CONTEST WINNERS!

As they say, misery loves company. As chosen – without input – by TBF, the winners of the DVD contest are Jessica Bader and Ray Stillwell. (Ray, you will be pleased to know that he went to the trouble of verifying that your game did indeed have the historical footnote you claimed it did.) Could you both email me a snail mail address?

The winning entries follow:

Jessica Bader:
July 2, 1999. Fireworks Night, against the Braves. I am 13 years old, and I am with my parents and my younger brother. It is disgustingly hot and humid, and the only thing worse than the weather is the game. After 4 innings, the Braves are ahead 10-0 and the Mets have yet to get a hit against Maddux. Around the 5th inning or so, my mother, who has been complaining about the heat and humidity all night, starts to feel dizzy, as though she is having a heatstroke. We leave. The Mets continue to embarrass themselves in both halves of the remaining innings.

Yes, that’s bad, but not amazin’ly so. What makes it worse is what transpires about a year later. June 30, 2000. Fireworks Night, against the Braves. It is the 8th inning, and the Mets trail 8-1. Associating the present events (Mets losing big against the Braves on Fireworks Night) with the nightmare of the previous year, my parents decide to leave the game, dragging a stubborn, angry 14-year-old girl with them. The rest is history, history that I can only experience via a car radio.

Ray Stillwell:
As you know, even though I have a much longer-standing Metigree than you do, I don’t have nearly the number of games to choose from. Most of my pre-77 games blur together, few except the first standing out much. In the second half of my life, in fact, I only have five to choose from: late ’84, the first return of the prodigal son; my wife’s first trip to Shea in that magical summer of ’86; an odd pre-season interleague game right before Opening Day of ’92, the first and only time my daughter (however prenatal she was at the time) has been in the yard; and last June, which I’ve documented ad infinitum.

Only the middle one can count among the worst. Boy can it.

We weren’t in New York for baseball. We came from Rochester, married less than a year, to say goodbye to my oldest sister. Her health had been failing for most of the year since our marriage the previous September, and that weekend was her 49th, and final, birthday. Her body was a fraction of its once robust self, her spirit was subdued but still there, and it was the last time we would see her.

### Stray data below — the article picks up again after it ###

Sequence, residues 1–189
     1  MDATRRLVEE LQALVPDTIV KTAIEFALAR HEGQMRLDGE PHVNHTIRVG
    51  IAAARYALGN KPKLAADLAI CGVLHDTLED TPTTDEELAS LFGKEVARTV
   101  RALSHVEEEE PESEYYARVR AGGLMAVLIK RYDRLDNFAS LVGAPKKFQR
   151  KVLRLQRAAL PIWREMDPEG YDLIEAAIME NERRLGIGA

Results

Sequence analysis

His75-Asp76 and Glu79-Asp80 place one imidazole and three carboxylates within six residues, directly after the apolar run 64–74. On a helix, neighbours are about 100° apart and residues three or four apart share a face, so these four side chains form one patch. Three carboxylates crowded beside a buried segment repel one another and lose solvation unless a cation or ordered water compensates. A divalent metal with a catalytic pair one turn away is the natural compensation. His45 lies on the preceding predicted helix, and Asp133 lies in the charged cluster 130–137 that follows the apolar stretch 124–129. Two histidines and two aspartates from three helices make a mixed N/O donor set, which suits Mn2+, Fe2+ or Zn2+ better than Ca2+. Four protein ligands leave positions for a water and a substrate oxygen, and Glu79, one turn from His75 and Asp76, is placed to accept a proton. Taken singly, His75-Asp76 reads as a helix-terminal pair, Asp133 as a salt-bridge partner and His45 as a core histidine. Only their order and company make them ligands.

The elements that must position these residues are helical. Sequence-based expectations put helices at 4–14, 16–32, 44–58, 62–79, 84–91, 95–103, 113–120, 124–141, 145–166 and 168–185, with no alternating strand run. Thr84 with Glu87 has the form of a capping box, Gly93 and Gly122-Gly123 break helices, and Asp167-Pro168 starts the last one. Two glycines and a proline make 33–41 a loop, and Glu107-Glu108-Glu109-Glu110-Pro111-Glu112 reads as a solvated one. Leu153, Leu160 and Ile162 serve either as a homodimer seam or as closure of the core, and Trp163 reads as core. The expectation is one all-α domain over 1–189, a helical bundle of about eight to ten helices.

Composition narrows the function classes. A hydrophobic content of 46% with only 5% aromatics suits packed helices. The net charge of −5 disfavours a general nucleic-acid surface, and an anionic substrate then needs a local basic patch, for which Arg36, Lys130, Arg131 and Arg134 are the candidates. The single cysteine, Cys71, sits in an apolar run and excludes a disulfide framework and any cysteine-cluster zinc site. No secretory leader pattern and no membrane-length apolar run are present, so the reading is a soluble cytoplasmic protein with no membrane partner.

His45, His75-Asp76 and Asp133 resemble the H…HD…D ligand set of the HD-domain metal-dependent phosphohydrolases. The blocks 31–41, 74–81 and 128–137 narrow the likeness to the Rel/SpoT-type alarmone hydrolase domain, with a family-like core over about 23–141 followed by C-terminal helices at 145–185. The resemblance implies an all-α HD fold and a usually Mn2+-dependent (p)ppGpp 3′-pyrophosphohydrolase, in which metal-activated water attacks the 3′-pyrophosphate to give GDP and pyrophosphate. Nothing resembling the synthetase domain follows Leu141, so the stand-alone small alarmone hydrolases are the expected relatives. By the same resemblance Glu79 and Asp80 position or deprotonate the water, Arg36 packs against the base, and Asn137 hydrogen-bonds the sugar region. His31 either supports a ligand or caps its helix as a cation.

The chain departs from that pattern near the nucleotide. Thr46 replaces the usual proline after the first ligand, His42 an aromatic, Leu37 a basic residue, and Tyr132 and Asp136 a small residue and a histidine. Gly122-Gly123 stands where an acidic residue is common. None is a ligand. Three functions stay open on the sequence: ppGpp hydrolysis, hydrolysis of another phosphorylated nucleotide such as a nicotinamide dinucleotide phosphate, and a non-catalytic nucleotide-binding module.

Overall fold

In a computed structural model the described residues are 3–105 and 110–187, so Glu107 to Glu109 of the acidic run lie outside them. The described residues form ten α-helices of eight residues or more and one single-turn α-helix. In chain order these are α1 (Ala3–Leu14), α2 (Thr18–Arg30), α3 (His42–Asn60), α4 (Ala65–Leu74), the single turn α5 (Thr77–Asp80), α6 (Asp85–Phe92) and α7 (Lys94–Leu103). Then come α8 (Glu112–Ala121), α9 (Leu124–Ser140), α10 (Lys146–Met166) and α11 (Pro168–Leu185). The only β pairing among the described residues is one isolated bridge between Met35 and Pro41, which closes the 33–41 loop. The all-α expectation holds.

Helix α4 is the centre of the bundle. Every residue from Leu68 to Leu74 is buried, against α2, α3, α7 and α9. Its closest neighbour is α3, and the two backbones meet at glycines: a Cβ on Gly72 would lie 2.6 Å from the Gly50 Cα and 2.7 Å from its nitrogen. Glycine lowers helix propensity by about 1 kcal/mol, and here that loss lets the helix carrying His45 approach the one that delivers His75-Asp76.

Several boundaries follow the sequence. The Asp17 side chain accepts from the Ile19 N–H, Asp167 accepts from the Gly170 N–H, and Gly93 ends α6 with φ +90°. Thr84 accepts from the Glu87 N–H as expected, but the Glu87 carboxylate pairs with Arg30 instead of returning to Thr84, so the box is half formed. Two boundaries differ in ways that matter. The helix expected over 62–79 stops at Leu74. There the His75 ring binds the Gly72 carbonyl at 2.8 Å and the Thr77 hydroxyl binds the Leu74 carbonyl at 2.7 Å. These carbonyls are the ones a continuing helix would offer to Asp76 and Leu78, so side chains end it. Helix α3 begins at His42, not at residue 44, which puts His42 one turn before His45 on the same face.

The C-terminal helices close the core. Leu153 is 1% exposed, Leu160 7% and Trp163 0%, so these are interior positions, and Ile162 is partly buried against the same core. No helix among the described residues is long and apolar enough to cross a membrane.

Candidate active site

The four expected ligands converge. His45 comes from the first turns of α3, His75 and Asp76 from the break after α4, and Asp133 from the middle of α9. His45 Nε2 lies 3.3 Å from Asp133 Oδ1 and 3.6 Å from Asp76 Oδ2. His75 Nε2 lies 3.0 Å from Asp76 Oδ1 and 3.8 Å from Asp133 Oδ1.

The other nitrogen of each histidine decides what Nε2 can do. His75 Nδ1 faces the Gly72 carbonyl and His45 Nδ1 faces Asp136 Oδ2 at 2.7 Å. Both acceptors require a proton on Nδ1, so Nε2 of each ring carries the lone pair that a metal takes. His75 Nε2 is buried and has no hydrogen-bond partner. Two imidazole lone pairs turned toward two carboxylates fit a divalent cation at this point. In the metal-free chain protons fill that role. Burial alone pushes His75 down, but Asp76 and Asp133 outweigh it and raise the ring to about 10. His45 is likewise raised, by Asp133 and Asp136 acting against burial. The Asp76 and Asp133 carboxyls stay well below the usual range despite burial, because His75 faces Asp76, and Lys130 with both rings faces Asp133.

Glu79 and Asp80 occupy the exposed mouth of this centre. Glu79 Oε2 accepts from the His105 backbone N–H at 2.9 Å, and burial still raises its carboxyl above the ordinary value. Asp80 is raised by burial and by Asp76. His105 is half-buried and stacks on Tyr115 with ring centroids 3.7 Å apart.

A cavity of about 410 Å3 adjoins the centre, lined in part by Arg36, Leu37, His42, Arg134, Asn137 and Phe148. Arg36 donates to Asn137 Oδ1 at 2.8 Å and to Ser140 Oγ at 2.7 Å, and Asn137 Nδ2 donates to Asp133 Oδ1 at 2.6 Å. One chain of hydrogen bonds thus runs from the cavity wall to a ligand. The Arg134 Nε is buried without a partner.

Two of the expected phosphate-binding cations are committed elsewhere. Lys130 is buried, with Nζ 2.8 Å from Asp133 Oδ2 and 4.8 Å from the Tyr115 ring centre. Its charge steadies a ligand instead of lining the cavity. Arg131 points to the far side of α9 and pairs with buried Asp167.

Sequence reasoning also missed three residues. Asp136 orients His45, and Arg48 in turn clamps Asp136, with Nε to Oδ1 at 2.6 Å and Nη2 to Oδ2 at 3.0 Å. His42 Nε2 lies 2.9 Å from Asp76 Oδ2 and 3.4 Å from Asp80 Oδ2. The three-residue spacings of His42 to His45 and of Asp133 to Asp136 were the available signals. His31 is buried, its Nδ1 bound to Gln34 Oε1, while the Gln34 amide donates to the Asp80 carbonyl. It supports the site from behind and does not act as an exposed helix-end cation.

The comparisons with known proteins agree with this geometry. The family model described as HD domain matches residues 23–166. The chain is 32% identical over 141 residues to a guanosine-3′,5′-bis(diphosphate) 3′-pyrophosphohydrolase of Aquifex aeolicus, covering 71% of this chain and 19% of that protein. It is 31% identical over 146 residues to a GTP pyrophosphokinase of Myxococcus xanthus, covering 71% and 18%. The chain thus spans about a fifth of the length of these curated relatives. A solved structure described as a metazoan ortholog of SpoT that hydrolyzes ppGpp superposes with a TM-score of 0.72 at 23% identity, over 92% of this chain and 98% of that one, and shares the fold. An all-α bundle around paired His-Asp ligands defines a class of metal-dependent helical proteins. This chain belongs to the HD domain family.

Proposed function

She loved her baby brother and adored the new in-law she’d only met a handful of times. She was the one who’d suggested, back in ’86, that I take Eleanor to Jones Beach to propose on a cold September morning rather than something flashy like Windows on the World. (Good advice, that.) She also loved the theater and made sure we got to see a Broadway show that weekend. Now, almost two years later and failing, she made sure we felt okay spending our little time in the area doing something else we loved. We took the Babylon train to Woodside, waited an eternity for a transfer, and bought two of these at the gate, which in those earlier championship years you could still just do.

The Brave opposition was random and, at the time, relatively meaningless; they were still a Western Division team, and not a good one. But we stayed for the sunshine and the company and the atmosphere of a team that was still, arguably, one of the greatest ever. We had ’86 hero Bobby Ojeda on the mound against some unknown Atlantan making his major-league debut. The dead fish wasn’t working; we fell behind right away top one, got two of the first three on in the bottom of the inning but only scored a run (does this sound familiar?), and from there we just faded as Ojeda got dinked and dunked for eight innings while we couldn’t master the stuff of this greenhorn kid they ran out.

The Braves’ three-run ninth merely made it inevitable, and Bruce Sutter slammed the door in the ninth, for yet another Met loss among the chronicles of my Shea days.

Perhaps you remember the pitcher who debuted for Atlanta that day. His name was John Smoltz.

We headed back to Seaford for some final goodbyes, returning three months later for some more permanent ones. Sandy was never much of a sports fan, but as much as I hated seeing the hatching of a mortal enemy that day, it will always have that bittersweet center to keep it from being a totally miserable memory.

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